They said "Now Hiring" or "Help Wanted."
Honest. That is what they said.
Now, I would like to believe that is an indication that things are starting to turn around. But I'm not sure. As Will Rogers used to say, "All I know is what I read in the papers."
Unfortunately, there are fewer of them than there used to be.
One newspaper that is still in business, the Washington Post, confirms, in today's editorial, that the economy is stabilizing, and that is good news.
"The U.S. economy appears to be stabilizing. It is estimated to have shrunk at an annual rate of just 1 percent in April through June — bad, but much better than the frightening 6.4 percent drop in the previous quarter. Unemployment remains too high at 9.4 percent, but job losses, too, are decelerating. Credit markets have begun to thaw. Home prices, though far from bouncing back, are no longer in free fall. Banks are once again raising private capital; there may be no need to expand the Treasury Department's $700 billion Troubled Assets Relief Program or for a big toxic assets buy–up program. So, exhale: There probably will not be a Great Depression II."
But, at the same time, the Post says some tough choices lie ahead. That's not entirely unexpected, but I'm sure most of us will breathe easier when talk of tough choices subsides.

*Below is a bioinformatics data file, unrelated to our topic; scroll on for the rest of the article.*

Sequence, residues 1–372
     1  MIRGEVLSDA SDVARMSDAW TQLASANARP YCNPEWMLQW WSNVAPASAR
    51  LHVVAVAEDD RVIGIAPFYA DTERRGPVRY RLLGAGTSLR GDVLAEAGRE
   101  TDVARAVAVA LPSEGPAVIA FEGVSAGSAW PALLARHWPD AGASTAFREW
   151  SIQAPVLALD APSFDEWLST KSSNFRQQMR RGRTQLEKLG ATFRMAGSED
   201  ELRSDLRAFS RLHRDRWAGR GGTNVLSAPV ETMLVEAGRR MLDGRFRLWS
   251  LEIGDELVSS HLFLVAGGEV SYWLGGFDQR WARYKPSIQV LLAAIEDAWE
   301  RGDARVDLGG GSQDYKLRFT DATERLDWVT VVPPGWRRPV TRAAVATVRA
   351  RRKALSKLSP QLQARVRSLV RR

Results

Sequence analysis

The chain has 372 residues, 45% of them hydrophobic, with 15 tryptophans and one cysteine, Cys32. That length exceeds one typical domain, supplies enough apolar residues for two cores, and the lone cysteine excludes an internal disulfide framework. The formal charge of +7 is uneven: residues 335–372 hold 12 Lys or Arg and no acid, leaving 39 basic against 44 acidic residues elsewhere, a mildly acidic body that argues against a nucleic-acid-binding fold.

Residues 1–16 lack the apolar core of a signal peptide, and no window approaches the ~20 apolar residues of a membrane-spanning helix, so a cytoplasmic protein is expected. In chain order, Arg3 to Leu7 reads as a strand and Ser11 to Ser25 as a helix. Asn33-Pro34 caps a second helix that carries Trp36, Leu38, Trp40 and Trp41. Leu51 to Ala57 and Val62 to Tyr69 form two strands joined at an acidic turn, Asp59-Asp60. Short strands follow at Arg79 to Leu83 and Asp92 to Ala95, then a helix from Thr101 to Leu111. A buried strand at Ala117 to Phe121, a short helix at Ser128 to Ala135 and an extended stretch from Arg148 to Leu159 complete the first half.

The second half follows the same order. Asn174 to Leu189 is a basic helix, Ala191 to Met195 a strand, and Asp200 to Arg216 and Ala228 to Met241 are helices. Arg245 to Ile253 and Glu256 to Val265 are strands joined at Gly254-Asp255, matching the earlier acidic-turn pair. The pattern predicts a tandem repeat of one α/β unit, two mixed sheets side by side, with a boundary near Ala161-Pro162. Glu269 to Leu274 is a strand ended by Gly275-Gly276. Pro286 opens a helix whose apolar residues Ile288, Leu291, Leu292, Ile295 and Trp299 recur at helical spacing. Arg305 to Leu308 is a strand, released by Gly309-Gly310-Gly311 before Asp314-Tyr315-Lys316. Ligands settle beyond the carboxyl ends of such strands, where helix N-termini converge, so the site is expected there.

Most of these choices are out of consumers' hands, really. But the choices consumers make about spending will play a significant role in the decisions that policymakers must make in the weeks and months ahead.
With so much economic uncertainty, consumers have been understandably reluctant to spend money for anything that wasn't absolutely necessary. But, before things really turn around, consumer spending has to provide more juice for the economy.
I'm not suggesting that consumers resume their devil–may–care, freewheeling spending ways. That certainly played a role in the economic meltdown. But, at the same time, consumers have to be more willing to part with their money than they have been.
I have often heard it said that moderation is the key in all things. Too much of anything is not good — and that goes for frugality as well as excessive spending.
I'm glad that most consumers who once spent beyond their means have learned from that experience. But hoarding their resources does nothing to help the economy.
I don't know how good the jobs that I saw advertised in storefront windows today really are. But when consumers loosen their grip on their money, such jobs will start to get better.
And that will be better for everyone.